Many thanks once again to all who offered prayers over the last few weeks for my family as we mourned the loss of my grandfather. Please continue to pray for the repose of his soul and for peace and consolation for my family. Know that your prayers are indeed a source of consolation for all of us.
Our parish events during this beautiful month of May wonderfully complement the joy that is characteristic of the Easter season. In the last few weeks, our parish rejoiced as our young people received the sacrament of Confirmation, and other young parishioners made their First Communion. Not only was there cause for joy because of the sacraments themselves, but also because those Masses produced full churches. Would that our churches were that full every Sunday! Additionally, our Divine Mercy devotions added solemnity to our parish feast day.
This weekend, as you noticed, we honored our soon-to-be high school graduates. Please continue to pray for them as each of them embark on a new beginning. “Beginning” is certainly the right word (hence why we call the ceremony commence-ment). Each of these young parishioners begins the concrete process of discerning what paths to take as they now navigate the waters of the “real world.”
However, although graduation entails a new beginning, we continue to pray that some not-so-new treasures will sustain them as they move forward. These, of course, are the Church and the Sacraments. No matter what our graduates face down the road, we pray that they keep the Faith, find shelter in the spiritual protection of Holy Mother Church, and stay close to the sacraments as their source of strength, wisdom, and consolation. Here, it is worth thinking of the Eucharist as St. Augustine so famously describes Christ in his Confessions: “Beauty ever ancient, ever new.” May our graduates always turn to the ever ancient beauty of Christ and his truth as they enter into the often turbulent new waters of this world!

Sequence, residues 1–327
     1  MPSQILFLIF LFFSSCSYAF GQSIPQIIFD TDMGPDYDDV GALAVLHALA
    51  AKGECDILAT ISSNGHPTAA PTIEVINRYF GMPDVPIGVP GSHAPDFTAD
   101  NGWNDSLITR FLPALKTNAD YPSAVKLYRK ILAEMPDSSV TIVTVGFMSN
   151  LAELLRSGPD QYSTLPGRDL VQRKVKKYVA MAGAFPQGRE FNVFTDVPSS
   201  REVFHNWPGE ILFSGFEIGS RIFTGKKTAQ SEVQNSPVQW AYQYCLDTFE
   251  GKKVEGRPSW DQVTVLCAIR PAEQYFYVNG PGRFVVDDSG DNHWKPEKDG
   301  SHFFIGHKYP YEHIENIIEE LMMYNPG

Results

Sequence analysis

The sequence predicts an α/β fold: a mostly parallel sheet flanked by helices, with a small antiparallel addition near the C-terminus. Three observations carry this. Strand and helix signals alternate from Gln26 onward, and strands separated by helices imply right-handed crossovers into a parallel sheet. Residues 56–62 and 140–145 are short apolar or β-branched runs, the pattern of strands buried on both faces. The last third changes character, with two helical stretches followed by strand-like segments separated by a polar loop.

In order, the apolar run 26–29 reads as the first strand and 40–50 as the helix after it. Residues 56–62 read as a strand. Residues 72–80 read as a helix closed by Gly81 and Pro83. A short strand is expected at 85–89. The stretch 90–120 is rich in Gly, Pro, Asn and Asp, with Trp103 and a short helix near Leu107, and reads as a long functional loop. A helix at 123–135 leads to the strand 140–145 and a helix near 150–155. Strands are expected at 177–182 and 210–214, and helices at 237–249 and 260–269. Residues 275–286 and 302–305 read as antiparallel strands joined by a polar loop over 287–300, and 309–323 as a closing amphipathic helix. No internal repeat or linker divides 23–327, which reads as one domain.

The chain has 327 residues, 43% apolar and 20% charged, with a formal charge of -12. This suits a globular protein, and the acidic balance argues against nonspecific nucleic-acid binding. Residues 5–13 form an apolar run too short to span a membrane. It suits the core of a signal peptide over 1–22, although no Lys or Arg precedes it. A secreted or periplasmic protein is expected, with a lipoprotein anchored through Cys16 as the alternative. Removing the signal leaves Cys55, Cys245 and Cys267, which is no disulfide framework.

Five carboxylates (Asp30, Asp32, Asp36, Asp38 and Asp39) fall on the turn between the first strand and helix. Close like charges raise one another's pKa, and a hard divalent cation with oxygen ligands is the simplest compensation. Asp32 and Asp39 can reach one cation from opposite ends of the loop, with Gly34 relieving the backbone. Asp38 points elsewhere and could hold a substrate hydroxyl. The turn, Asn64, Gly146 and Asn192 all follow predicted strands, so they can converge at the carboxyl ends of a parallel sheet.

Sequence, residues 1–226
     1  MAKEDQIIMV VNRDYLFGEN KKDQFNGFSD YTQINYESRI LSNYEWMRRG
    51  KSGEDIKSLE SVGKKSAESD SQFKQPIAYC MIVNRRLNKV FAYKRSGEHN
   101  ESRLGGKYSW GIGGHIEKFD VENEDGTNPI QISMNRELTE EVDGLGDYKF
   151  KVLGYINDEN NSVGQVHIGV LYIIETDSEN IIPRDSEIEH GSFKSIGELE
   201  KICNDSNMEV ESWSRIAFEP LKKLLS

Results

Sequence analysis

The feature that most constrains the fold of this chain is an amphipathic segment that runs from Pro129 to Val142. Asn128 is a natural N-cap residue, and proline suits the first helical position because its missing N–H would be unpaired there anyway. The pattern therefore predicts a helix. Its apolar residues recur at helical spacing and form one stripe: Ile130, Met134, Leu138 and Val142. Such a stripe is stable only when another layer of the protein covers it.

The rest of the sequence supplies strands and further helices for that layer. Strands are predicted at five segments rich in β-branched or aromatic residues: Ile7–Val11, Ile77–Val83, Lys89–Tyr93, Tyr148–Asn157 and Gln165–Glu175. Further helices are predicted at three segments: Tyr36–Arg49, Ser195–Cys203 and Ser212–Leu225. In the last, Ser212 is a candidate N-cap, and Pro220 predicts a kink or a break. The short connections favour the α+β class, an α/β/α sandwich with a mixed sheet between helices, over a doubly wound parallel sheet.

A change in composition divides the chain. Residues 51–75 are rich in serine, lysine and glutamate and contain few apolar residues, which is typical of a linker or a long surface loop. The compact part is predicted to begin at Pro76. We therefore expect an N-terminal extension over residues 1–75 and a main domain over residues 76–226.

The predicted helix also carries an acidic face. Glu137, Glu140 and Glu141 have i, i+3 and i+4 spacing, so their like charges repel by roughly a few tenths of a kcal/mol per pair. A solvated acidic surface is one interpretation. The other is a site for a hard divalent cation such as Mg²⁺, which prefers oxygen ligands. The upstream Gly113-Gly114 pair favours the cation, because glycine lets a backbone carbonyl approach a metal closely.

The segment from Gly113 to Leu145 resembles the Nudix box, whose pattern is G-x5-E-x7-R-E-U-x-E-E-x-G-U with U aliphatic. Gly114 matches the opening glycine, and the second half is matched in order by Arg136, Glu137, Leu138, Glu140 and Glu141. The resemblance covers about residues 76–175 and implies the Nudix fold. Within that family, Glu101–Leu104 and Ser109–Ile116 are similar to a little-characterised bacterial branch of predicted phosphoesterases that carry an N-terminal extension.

To our graduates- always keep in mind these words that Pope Benedict XVI spoke to young people at his first public Mass as pope:
Are we not perhaps all afraid in some way? If we let Christ enter fully into our lives, if we open ourselves totally to him, are we not afraid that He might take something away from us? Are we not perhaps afraid to give up something significant, something unique, something that makes life so beautiful? Do we not then risk ending up diminished and deprived of our freedom? No! If we let Christ into our lives, we lose nothing, nothing, absolutely nothing of what makes life free, beautiful and great. No! Only in this friendship are the doors of life opened wide. Only in this friendship is the great potential of human existence truly revealed. Only in this friendship do we experience beauty and liberation. And so, today, with great strength and great conviction, on the basis of long personal experience of life, I say to you, dear young people: Do not be afraid of Christ! He takes nothing away, and he gives you everything. When we give ourselves to him, we receive a hundredfold in return. Yes, open, open wide the doors to Christ – and you will find true life. Amen.
Blessings to you all!